How A Switch to Cans Can Signal A Plan For Growth

With a switch of distributors and going from bottles to cans, No Label Brewing is looking at 30 percent in growth for 2018. The Katy, Texas brewery which produced around 7,000 barrels has added a canning line and plans to roll out the canned lineup in April.

Jennifer Royo, a co-founder for the brewery and its Sales & Marketing Manager said the brewery located just west of Houston switched to cans because of cost effectiveness, the liquid is better in a can without light-struck issues and “that’s the way the market is going.”

Royo said that the brewery’s Operations Manager, John Anderson, has been overseeing QA checks.

“He is also sending cans to our canning company regularly to check for quality issues,” she noted.

The brewery is rolling out with seven year-round beers along with two seasonals.

“We are used to ordering labels from bottles and the lead time,” Royo said. “It’s actually easier with cans. The approval through stores is a little slow but [we are] working on it.”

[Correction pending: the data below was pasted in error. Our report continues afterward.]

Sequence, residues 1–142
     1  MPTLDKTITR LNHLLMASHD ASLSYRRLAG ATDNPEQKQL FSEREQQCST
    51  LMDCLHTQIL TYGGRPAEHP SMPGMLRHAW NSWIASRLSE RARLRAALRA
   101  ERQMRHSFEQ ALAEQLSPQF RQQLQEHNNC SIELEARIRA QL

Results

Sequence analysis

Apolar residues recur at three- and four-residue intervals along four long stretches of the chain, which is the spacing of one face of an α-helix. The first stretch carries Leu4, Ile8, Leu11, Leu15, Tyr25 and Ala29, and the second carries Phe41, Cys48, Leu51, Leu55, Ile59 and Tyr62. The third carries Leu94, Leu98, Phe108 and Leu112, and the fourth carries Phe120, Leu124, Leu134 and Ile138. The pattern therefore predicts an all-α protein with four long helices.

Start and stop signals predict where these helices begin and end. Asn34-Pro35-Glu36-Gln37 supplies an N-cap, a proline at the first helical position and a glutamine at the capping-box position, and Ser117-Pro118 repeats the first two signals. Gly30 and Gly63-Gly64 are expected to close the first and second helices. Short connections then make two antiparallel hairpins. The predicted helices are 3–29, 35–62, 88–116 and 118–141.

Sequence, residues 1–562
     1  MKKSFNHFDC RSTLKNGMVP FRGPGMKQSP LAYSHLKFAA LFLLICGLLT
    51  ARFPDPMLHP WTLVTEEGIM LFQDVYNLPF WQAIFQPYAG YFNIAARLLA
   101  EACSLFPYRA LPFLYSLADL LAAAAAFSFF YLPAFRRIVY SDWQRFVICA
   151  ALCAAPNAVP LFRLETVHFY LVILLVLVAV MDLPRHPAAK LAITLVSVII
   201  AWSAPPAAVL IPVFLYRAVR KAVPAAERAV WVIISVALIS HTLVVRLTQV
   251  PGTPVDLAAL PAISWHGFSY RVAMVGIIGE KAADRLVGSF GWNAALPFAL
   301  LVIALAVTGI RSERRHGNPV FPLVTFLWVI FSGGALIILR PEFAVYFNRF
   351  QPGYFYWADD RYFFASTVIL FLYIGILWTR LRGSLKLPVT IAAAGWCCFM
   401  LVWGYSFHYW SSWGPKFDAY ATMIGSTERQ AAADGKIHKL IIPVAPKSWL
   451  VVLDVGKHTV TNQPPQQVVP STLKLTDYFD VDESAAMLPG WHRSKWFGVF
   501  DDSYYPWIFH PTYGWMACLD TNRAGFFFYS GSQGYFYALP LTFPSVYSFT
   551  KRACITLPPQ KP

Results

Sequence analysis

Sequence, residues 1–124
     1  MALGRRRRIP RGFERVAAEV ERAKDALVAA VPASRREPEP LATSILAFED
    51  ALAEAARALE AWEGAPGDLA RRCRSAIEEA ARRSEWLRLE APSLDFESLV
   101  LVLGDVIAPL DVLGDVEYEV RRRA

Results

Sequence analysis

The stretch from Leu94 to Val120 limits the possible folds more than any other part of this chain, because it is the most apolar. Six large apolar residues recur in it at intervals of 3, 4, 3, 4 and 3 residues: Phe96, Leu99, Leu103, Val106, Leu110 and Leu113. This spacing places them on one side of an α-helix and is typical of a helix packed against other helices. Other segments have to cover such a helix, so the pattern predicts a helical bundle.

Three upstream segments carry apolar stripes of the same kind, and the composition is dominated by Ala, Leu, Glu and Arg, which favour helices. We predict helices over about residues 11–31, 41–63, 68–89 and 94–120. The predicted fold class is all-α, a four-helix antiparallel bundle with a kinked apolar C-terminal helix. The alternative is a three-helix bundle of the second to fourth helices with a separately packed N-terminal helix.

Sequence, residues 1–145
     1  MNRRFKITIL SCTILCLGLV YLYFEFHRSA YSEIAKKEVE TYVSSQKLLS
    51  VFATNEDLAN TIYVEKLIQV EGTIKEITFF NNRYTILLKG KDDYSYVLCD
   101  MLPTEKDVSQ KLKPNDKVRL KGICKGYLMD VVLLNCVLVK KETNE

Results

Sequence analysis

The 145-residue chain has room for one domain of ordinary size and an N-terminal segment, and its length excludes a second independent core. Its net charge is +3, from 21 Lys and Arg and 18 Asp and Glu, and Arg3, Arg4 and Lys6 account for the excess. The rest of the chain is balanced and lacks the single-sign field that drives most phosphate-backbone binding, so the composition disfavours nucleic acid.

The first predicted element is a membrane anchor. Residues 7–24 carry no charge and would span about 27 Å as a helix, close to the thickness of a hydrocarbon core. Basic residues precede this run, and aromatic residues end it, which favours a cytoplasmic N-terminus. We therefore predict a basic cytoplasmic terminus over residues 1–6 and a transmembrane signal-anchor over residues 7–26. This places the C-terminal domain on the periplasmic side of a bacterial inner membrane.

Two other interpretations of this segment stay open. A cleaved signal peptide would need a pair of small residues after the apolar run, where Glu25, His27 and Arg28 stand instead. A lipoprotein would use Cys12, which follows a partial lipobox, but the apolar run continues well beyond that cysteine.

In a previous story with Brewer Magazine, Santa Fe Brewing updated its canning line to help improve efficiency.

The New Mexico brewery’s old canning line would create roughly 12-15 cases of low fills and waste and about three cases of empty cans per shift for an average of 400 cases in a shift.

The new canning line has improved to just 5-24 cans of total loss on a 16-1,800 case run.

“[It’s] an enormous savings in package loss,” said owner Brian Lock.

The new line has so many functions that SFBC’s former bottling line did not have with regards to “package error,” performing at 5 parts per billion oxygen pick up as opposed to 105 parts per billion oxygen pick up with the old bottling line, which translates into 20 times fresher tasting beer for a much longer time.

The lighter weight of the cans means less expensive shipping and fewer shipments, reducing the brewery’s carbon footprint. They are also more portable and a better choice when recreating outdoors.

“The quality is much better with cans,” Lock noted, adding that he feels that customers have become to accept that quality beer comes from cans.

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